Janssen vaccines are known to have several side effects. These include Thrombocytopenia, Capillary leak syndrome, and Blood clots. In rare cases, the injection can result in severe or even fatal bleeding. The Janssen vaccine is also known to cause cutaneous small vessel vasculitis, a disorder of the blood vessels of the skin. The symptoms may improve with supportive care.
The Janssen COVID-19 Vaccine can cause thrombocytopenia, a potentially life-threatening condition. In severe cases, the condition can involve unusual thrombus locations, including the pulmonary artery or an extremity vein. Symptoms typically develop within one to two weeks after vaccination.
In post-vaccine patients with symptoms of thrombocytopenia, a platelet count and PF4 ELISA are helpful for determining if thrombocytopenia is the primary cause of VTE. In patients with thrombocytopenia, heparin is not recommended.
Capillary Leak Syndrome
Capillary leak syndrome is a rare but serious condition causing leakage of fluid from small blood vessels. If left untreated, it can lead to organ damage and sometimes even death. While the cause of the condition is unknown, the symptoms can include edema of the arms and legs, low blood pressure, and even faintness. If you suspect you may have the condition, seek medical advice immediately.
Capillary leak syndrome can be very painful. The most common symptom is pain at the injection site. The EMA has reviewed case reports of this condition after vaccination with the COVID-19 vaccine booster manufactured by Janssen. The EMA has ordered healthcare professionals to stop giving the vaccine to individuals with a history of this condition.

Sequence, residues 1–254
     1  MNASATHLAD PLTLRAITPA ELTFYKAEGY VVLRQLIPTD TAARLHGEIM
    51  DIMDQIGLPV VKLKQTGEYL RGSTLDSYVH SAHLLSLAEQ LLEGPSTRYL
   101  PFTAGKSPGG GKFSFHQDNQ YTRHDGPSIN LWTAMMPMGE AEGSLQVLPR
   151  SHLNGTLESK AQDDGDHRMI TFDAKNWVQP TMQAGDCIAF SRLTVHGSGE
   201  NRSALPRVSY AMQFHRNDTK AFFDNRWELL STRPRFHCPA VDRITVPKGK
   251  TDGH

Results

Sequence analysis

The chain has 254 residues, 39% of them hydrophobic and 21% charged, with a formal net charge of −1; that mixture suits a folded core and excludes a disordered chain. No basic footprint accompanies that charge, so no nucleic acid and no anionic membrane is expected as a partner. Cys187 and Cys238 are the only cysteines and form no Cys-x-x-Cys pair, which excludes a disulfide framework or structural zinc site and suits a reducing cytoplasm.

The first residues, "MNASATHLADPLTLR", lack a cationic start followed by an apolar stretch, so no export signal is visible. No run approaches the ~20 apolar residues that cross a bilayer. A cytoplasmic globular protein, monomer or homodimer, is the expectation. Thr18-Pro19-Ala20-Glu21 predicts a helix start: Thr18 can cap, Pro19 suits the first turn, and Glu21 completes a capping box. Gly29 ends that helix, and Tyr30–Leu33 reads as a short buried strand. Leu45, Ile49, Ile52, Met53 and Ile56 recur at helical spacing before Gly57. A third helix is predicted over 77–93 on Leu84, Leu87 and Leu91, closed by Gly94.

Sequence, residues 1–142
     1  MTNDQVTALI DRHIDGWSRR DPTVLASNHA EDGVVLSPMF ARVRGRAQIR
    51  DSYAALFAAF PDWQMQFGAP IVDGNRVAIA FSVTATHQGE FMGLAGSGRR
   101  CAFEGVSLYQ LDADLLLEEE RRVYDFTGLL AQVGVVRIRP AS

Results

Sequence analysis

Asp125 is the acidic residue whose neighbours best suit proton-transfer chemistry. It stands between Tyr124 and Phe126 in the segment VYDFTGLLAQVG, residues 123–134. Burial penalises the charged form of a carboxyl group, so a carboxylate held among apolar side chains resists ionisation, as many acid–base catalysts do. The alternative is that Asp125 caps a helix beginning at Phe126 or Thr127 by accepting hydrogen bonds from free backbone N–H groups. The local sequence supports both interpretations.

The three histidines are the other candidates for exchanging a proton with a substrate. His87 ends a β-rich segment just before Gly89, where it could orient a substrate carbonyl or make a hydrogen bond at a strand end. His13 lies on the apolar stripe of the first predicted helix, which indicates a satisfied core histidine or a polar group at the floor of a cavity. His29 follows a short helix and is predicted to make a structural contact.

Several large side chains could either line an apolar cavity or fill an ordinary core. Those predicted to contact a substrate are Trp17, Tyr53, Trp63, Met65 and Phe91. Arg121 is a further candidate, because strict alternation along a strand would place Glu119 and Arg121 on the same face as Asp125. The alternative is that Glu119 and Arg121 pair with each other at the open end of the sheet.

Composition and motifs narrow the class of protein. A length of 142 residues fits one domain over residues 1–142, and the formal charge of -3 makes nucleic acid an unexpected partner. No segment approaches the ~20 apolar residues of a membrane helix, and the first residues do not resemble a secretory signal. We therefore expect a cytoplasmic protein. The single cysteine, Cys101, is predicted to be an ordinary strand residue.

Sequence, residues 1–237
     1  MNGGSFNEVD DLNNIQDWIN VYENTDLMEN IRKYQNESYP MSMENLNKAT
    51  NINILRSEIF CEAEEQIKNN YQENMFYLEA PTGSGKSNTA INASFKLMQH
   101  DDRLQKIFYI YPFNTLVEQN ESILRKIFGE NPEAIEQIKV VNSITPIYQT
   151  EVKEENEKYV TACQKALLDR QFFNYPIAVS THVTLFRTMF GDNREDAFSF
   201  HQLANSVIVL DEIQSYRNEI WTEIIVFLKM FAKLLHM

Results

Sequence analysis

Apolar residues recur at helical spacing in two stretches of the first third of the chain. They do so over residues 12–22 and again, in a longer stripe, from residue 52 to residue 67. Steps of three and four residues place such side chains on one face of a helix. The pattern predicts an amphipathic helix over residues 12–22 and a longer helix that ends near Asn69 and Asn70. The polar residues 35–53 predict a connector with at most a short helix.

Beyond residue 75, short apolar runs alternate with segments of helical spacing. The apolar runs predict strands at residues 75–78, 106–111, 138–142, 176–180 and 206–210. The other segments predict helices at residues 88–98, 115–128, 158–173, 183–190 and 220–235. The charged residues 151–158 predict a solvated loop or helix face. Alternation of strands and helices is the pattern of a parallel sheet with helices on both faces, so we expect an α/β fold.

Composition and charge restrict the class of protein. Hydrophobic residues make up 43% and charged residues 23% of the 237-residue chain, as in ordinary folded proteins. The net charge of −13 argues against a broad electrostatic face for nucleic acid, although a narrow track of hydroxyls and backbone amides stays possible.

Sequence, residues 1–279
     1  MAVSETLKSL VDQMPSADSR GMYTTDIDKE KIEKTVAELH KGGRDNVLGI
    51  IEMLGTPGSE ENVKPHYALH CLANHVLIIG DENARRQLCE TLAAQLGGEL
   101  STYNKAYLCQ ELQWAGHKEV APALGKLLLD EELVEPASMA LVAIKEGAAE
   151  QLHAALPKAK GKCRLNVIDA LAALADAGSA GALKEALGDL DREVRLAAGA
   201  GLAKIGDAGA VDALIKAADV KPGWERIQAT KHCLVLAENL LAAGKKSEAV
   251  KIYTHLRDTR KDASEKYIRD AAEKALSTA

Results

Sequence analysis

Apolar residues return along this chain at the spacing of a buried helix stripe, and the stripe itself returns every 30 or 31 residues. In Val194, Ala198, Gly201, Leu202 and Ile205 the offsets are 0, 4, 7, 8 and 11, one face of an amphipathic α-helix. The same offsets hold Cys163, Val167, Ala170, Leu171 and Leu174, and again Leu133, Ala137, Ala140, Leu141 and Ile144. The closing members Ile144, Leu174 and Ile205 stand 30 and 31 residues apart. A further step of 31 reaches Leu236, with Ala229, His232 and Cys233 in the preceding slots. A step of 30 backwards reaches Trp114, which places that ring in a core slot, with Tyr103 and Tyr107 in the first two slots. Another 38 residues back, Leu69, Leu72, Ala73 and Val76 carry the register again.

Blood clots are a common side effect of the Janssen covid-19 vaccine booster. The cause is unknown, but increased inflammation in the body appears to be a contributing factor. These blood clots increase the risk of heart attacks and strokes and can damage organs. These side effects can be lifelong and require ongoing monitoring.
The vaccine contains antibodies that activate platelets. When platelets are low, blood clots can form in arteries and veins throughout the body. In rare cases, these blood clots can lead to thrombosis or thrombocytopenia. The symptoms typically appear one to two weeks after the vaccine.
A randomized, placebo-controlled, multinational Phase 3 trial of the COVID-19 vaccine booster (NVX) is underway. The trial is assessing the safety and immunogenicity of NVX-CoV2373 in healthy adults aged 18 to 55 years and elderly individuals aged 65 years and older. The vaccine is an adjuvanted, recombinant spike protein vaccine.
The study identified several adverse events associated with NVX-CoV2373, including rash, myalgia, headache, fatigue, and pain around the injection site. The adverse events were significantly more frequent after the second immunization than in the placebo arm. These side effects were more common in participants aged 18 to 64 years than in older patients.
The efficacy of Janssen’s ChAdOx1 vaccine has been tested in four randomized controlled trials in the U.K., Brazil, and South Africa. In a recent study, the vaccine was effective against both SARS-CoV-2 and symptomatic infections. However, efficacy remained low after a single dose. In an interim efficacy analysis, the vaccine showed an overall efficacy of 70.4%, but only if given in a single dose.
The results of the trial have not yet been published. The trial was single-blinded and randomized. The results are expected by December 2020. The results of the trial will be able to give a clearer idea of the vaccine’s efficacy.
Contraindications to Receiving COVID-19 Vaccine
Contraindications to receiving a COVID-19 vaccine booster are not common, but some should be considered. A person should consult a health care provider prior to getting vaccinated if they have a history of allergic reactions to other vaccines. In addition, a person should not receive this vaccine if they have a history of anaphylaxis.
Those with immediate or severe allergic reactions to some components of the COVID-19 vaccine should seek medical advice before receiving it. This reaction does not need to be life-threatening. People who have an immediate or prolonged allergic reaction to the vaccine’s component polysorbate should not receive the vaccine.